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The Middle-Pleistocene (~300 ka) Rodderberg maar-scoria cone volcanic complex (Bonn, Germany): eruptive history, geochemistry, and thermoluminescence dating

  • H. Paulick
  • C. Ewen
  • H. Blanchard
  • L. Zöller
Original Paper

Abstract

The Rodderberg volcanic complex (RVC) is located within the city limits of Bonn (Germany) approximately 20 km to the north of the Quaternary East Eifel Volcanic Field (EEVF). It is the product of intense phreatomagmatic volcanism forming a 90 m deep maar crater and strombolian eruptions. Deposit features indicate that the location of the vent(s) shifted from N to S during the strombolian phase. The erupted leucite-nephelinite magma (on the order of ca. 1 × 10−2 km3) was largely homogenous with minor, stratigraphically controlled, variation in olivine and clinopyroxene microphenocryst content. Stratigraphic evidence and thermoluminescence dating indicate that the RVC erupted during the glacial MIS 8 at around 300 ka. During this time, the EEVF experienced a transitional stage between two major phases of volcanic activity involving a change in magma sources. This is consistent with the RVC geochemical data which show affinities to both the older EEVF leucite-nephelinite association (430–380 ka) and the younger basanite association (<215 ka). In the Eifel, magma ascent through the upper crust is apparently linked to tectonic fractures. It may be speculated that a tectonically controlled diking event channeled magma to the north of the main EEVF and that the RVC represents an exceptional surficial expression of a significantly larger subsurface intrusion. This scenario would be consistent with recent observations of diking-related volcanism in the East African Rift zone and previously inferred models for magma ascent in similar intraplate volcanic fields.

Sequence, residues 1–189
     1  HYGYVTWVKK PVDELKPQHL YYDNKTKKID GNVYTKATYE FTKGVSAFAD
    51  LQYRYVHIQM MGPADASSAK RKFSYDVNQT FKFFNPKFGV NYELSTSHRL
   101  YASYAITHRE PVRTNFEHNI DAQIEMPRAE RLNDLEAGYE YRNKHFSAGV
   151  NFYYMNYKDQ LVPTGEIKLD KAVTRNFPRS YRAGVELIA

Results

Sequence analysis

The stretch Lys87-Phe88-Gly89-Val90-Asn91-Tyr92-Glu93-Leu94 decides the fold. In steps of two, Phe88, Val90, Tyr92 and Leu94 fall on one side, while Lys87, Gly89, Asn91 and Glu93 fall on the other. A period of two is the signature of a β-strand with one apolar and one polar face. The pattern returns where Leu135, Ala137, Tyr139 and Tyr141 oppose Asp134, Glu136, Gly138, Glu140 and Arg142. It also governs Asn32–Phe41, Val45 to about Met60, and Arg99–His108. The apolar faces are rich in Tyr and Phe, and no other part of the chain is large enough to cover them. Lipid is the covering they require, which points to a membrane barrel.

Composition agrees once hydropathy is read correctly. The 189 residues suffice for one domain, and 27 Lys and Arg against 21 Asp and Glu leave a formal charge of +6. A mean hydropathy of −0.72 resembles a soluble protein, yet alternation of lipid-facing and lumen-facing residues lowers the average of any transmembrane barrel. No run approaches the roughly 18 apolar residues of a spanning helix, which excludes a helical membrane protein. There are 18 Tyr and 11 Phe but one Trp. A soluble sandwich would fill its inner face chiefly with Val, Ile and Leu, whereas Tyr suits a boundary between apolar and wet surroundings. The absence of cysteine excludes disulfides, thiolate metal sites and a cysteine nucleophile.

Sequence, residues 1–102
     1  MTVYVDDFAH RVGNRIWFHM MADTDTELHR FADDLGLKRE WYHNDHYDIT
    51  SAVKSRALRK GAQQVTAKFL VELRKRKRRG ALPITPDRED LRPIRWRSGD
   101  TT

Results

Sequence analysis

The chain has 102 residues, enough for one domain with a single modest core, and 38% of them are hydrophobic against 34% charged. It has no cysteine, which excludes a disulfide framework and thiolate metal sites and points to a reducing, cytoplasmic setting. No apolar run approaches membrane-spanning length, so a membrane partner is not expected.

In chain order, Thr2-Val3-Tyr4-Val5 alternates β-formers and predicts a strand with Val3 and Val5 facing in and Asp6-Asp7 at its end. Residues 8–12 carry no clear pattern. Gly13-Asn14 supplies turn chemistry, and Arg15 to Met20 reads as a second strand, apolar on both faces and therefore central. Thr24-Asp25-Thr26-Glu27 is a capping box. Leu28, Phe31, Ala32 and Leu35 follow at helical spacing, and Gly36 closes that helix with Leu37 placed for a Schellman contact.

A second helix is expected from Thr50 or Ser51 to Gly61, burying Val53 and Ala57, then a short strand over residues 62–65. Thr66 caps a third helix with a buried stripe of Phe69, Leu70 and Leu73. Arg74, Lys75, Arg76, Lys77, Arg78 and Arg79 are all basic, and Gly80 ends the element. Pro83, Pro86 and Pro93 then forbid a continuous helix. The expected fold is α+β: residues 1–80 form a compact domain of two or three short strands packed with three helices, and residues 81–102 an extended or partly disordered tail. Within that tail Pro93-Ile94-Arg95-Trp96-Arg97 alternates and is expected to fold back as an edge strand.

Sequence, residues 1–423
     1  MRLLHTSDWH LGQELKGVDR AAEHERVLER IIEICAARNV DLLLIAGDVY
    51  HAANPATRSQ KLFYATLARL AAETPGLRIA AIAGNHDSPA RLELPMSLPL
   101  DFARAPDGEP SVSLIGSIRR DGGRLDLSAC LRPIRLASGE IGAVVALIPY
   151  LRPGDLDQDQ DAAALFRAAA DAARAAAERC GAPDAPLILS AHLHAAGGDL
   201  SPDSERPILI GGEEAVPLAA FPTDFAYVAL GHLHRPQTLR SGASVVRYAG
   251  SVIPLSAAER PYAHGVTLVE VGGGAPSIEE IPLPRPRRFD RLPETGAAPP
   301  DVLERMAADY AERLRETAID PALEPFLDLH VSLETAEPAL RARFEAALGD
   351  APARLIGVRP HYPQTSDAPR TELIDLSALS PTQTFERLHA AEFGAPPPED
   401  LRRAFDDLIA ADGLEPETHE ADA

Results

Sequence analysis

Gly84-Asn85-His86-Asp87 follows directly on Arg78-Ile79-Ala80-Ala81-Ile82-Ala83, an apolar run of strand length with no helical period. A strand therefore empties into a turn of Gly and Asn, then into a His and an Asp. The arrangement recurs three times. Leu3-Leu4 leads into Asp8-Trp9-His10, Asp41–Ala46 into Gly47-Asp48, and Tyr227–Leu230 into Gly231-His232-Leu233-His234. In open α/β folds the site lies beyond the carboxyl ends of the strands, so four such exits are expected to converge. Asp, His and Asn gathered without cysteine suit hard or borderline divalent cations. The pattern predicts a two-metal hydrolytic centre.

Keywords

Quaternary volcanism Thermoluminescence Eifel volcanic field Geochemistry Maar Scoria Cone Tephra Geochronology 

Notes

Acknowledgments

Many of the ideas and data presented in this paper are results of two recent MSc theses completed at the University of Bonn (Blanchard 2002; Ewen 2005). HP wishes to express his appreciation for the permission to lead this contribution. R. Hoffbauer (University of Bonn) helped with XRF analyses and C.-D. Garbe-Schönberg (University of Kiel) provided the ICP-MS trace element analyses. M. Fischer assisted during the TL dating experiments at the University of Bayreuth. The authors acknowledge constructive discussions regarding the Rodderberg eruption with N. Froitzheim, C. Münker, I. Schmid, and H-U Schmincke. Careful reviews by K. Nemeth, S. Kutterolf, and J. White were helpful in order to improve the interpretation and the presentation of this paper.

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Authors and Affiliations

  1. 1.Steinmann Institut für Geologie, Mineralogie und Paläontologie, Universität BonnBonnGermany
  2. 2.Geographisches Institut, Universität BonnBonnGermany
  3. 3.Lehrstuhl für Geomorphologie, Universität BayreuthBayreuthGermany

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